Kimberly Resnick doesn’t believe that going vegan means depriving yourself of the foods you grew up with.
Her business, Lil’ Yenta’s Vegan Bakery, is dedicated to creating classic Jewish foods from her childhood without the use of animal products. She’s especially proud of her knishes.
“When we were making them the other day, after it was all said and done we had one extra, and I took a bite,” she said. “I almost cried, just because this reminds me so much of my grandpa and going to his house.”
Resnick and her husband, Sal Ruano, are both vegan out of concern for animal rights. However, they found themselves missing foods from both their cultures — New York-style Ashkenazi favorites for her and El Salvadoran cuisine for him — after making the lifestyle change.
The Port Richmond residents decided to create vegan versions of those foods to share with friends at a holiday party, which sparked the idea for two businesses.
The couple worked together to create Lil’ Yenta’s and Chambi’s El Salvadoran Vegan Munchies, which carries vegan pupusas, tamales and other recipes from Ruano’s grandmother and aunt.
“We’re doing what we want to do without sacrificing our values or our vegan lifestyle, and that’s basically how we got started,” Ruano said.
Resnick, a hairstylist, drew inspiration for Lil’ Yenta’s from her Jewish family in Brooklyn, New York, especially her mother’s love of black and white cookies. She also has fond memories of visiting her grandfather, a Holocaust survivor, in Brighton Beach, where he would bring home bags of knishes from a local bakery.
When her parents moved to Atlantic City, Resnick was the only Jewish student at her school. She maintained her connection to Judaism through food and family visits.
The name was inspired by Resnick’s stepchild, Raevyn Ruano, who loves watching dramatic videos on YouTube.
“I talk to Kim a lot about them, and yenta is a word for busybody and gossip, and she started calling me Lil’ Yenta,” they said.
Now, Ruano helps their parents out in the kitchen by baking cookies (their favorite is the chocolate-dipped berry hamantaschen).
Resnick is not content with simply making vegan substitutes for classic foods like rugelach and kugel. She wants her versions to be just as good as the originals, or even better.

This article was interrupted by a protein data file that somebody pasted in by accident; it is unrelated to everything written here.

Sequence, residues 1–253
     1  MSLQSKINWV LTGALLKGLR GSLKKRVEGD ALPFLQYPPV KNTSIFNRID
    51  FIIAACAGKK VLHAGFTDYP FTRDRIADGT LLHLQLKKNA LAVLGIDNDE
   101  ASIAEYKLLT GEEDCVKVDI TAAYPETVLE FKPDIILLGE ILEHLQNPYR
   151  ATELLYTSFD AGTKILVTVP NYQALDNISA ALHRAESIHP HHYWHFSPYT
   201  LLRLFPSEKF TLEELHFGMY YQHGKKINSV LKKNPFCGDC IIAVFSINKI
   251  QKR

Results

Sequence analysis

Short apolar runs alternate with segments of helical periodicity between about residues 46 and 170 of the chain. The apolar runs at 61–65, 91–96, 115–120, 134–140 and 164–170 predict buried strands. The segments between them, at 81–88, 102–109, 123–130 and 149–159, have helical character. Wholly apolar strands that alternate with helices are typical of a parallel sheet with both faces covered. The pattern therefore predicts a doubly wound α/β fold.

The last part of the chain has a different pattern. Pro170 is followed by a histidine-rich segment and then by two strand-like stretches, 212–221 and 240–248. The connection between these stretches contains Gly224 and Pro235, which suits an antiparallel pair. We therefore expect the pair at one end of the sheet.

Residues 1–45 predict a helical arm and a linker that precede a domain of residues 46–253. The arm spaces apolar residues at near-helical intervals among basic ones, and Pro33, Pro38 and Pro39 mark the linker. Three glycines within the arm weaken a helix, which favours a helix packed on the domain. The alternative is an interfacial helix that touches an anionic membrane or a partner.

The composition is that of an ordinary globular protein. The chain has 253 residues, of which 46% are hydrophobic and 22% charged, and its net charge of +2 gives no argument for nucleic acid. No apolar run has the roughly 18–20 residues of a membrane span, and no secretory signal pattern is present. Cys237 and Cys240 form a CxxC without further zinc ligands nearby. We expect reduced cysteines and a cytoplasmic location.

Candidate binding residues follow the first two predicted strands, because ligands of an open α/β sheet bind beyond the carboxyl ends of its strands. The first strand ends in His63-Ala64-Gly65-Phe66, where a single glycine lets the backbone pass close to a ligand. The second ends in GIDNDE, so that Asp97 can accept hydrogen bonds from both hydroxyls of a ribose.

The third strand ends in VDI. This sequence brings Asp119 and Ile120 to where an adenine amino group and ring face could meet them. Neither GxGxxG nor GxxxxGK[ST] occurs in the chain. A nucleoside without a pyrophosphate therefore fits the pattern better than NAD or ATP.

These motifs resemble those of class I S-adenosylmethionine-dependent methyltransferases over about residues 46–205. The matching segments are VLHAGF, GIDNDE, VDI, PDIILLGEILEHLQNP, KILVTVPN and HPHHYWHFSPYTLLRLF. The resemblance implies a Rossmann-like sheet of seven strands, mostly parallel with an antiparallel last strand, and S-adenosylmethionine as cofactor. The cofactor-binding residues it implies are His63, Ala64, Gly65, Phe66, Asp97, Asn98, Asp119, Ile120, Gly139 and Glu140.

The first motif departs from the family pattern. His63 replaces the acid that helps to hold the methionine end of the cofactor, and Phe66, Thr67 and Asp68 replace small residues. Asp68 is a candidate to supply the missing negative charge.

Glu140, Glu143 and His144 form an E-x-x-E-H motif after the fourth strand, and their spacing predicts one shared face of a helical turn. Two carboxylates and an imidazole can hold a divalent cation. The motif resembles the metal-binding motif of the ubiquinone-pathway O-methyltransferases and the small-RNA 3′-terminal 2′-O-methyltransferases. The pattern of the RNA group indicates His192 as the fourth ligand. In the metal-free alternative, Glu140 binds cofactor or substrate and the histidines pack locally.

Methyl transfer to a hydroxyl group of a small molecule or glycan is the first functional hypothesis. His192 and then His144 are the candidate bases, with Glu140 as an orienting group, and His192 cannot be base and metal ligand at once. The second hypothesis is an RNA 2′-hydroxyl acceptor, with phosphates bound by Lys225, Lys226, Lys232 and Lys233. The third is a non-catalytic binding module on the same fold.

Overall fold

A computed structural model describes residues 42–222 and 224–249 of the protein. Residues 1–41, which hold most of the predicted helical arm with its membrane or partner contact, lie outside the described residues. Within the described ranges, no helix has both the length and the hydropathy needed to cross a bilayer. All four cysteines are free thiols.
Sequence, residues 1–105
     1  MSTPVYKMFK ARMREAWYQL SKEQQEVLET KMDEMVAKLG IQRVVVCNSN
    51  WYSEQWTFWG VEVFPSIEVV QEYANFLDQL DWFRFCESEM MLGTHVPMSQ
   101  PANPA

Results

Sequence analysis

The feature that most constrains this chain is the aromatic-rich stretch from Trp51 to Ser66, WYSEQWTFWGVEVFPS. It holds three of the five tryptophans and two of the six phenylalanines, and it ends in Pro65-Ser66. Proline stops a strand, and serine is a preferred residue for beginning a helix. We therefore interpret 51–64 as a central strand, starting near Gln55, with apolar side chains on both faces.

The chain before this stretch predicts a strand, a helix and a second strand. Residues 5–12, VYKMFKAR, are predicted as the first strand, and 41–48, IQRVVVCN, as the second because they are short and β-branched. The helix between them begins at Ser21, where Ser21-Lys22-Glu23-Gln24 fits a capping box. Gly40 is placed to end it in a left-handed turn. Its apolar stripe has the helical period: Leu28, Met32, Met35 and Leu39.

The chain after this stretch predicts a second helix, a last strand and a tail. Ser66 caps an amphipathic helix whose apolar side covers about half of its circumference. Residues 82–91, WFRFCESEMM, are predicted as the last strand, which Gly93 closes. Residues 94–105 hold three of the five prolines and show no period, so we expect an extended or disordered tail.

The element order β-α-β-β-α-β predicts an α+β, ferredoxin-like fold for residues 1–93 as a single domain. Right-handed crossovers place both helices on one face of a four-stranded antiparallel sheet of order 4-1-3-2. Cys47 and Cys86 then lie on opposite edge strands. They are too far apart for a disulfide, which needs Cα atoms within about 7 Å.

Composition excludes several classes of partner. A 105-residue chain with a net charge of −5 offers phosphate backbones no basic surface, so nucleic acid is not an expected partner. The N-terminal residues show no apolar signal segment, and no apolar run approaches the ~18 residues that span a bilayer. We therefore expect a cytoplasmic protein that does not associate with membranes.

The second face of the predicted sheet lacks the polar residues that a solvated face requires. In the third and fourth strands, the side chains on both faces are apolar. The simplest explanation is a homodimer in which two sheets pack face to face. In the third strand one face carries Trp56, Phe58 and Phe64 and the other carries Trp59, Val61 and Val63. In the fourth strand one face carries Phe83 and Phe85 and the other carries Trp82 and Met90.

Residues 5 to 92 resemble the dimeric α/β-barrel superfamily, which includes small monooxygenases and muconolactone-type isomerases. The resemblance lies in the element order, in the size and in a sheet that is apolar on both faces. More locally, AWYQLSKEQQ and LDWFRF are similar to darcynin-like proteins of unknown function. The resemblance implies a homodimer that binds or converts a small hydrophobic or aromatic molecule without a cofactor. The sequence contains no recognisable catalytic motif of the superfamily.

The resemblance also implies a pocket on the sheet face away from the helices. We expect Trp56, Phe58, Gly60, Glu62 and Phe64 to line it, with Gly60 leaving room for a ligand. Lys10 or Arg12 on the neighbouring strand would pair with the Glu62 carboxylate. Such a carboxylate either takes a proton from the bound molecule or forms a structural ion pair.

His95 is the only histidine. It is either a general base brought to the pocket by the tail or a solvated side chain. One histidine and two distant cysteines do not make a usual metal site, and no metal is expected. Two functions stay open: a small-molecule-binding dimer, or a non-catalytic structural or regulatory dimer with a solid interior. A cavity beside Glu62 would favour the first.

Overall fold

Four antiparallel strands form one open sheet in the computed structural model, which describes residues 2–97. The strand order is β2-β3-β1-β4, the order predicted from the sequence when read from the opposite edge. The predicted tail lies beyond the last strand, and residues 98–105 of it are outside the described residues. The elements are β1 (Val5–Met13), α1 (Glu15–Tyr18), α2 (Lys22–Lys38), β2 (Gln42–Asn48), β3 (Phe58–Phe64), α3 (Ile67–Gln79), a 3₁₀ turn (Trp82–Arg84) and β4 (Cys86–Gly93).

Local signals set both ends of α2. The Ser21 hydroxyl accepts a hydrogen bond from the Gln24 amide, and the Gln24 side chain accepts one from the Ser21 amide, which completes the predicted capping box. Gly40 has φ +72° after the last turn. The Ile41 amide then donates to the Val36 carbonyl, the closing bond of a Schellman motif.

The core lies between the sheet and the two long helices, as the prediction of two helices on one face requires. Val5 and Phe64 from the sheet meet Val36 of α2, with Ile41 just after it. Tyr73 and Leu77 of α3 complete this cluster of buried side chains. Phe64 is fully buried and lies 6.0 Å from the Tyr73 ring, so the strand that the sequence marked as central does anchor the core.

Her typical vegan swaps include using Earth Balance Original Buttery Spread rather than butter and aquafaba (the starchy liquid from cooked chickpeas) instead of eggs. In addition to baked goods like babka and challah, Lil’ Yenta’s offers tzimmes and brisket made with cranberry-glazed seitan and chopped liver made with lentils. For Thanksgiving, Resnick made knishes filled with mashed potatoes, cranberry sauce and homemade seitan turkey.
Her recipes are a combination of childhood memories, research and lots of practice.
“I’m really digging deep into my taste memory to just get it as close as humanly possible without any animal products in it,” she said. “So usually I’ll look up a vegan recipe, and I’ll look up a bunch of non-vegan recipes. And then I combine it together and then add in whatever kind of makes sense to me.”
Resnick and Ruano held their first pop-up last year during Chanukah at V Marks the Shop, a vegan grocery store in South Philadelphia. Since then, the pop-ups have made several appearances throughout the city for occasions like Purim and Rosh Hashanah, and they also offer delivery. They are preparing for another Chanukah pop-up at V Marks the Shop on Dec. 13.
Their next goal is to relocate from their workspace in Bridesburg Commissary and find their own professional kitchen.
Part of it has to do with kosher certification. Although all of Resnick’s products are technically kosher, her food cannot be certified kosher as long as she uses a shared kitchen. She also said she received anti-Semitic comments from another cook at the workplace, and wants to move sooner rather than later.
She feels like Lil’ Yenta’s is the most important thing she’s ever done.
“The world is really crazy right now, and anti-Semitism is up, and I just want to bring the beauty of Jewish culture to more people who might not even know about it,” she said.
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